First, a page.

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Heathrow expansion faces fresh legal challenge

Heathrow expansion faces fresh legal challenge

The proposed construction of a third runway at London’s Heathrow Airport will face a fresh legal challenge, with opposition groups claiming the consultation process was “fundamentally flawed”.

A coalition of local councils, residents and environmental groups presented their case to the High Court in London this morning, arguing government’s approval of the scheme was at odds with environmental targets.

Then transport secretary Geoff Hoon approved the expansion plans in January 2009.

The Conservative party has maintained its opposition to the project, suggesting a highspeed rail link across Britain as an alternative. However, business groups insist the development is essential to ensure economic growth.

Opposition groups include six local authorities, Greenpeace, residents of the village of Sipson – which will be destroyed if plans are implemented - and the Campaign to Protect Rural England (CPRE).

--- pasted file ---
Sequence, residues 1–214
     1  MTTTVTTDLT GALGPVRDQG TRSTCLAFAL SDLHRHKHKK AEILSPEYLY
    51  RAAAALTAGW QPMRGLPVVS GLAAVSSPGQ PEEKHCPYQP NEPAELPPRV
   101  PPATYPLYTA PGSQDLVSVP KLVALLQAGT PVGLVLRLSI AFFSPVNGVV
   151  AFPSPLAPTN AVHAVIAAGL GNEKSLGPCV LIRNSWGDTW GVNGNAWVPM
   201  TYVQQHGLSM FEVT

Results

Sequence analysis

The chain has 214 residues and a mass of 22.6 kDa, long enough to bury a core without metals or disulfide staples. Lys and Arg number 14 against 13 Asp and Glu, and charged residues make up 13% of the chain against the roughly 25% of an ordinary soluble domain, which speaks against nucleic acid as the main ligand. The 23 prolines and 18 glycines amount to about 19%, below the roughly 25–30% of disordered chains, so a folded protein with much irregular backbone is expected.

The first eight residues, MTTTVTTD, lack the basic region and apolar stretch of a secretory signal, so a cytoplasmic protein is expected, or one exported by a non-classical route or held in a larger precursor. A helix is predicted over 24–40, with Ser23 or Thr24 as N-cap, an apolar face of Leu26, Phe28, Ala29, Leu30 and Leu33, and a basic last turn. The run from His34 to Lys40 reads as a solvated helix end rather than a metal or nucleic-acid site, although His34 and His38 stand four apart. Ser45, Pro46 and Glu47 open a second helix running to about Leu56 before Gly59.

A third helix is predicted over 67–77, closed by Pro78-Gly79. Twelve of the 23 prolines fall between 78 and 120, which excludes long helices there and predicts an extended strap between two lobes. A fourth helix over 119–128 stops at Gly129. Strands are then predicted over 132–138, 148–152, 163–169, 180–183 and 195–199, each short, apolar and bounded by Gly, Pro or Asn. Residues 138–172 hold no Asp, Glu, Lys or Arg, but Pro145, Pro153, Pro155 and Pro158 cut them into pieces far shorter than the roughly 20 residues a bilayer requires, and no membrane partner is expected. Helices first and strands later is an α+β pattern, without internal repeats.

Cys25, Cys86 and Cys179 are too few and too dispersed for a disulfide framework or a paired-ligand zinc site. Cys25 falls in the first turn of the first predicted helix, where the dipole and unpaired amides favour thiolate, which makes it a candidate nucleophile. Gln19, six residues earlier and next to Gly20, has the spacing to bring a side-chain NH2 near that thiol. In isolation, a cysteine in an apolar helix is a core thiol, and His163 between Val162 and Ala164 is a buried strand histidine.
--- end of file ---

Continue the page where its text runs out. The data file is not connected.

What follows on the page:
Speaking to the Associated Press on behalf of the councils, Hillingdon Council leader Ray Puddifoot explained: “We’ve had no choice but to go to court to sort out the mess left behind by a decision that was little more than a quick fix.

“From the moment Geoff Hoon announced his decision to the House it has steadily unravelled.”

Campaigners will also argue there is no evidence to support government claims there is sufficient public transport in place to support the proposed expansion.

In response to the latest legal challenge a Department for Transport spokesman said: “The Department stands fully behind the decisions on Heathrow announced last year and will be defending them robustly in court.”

A judge is expected to deliver a ruling on the legality of the proposed expansion by the end of next week.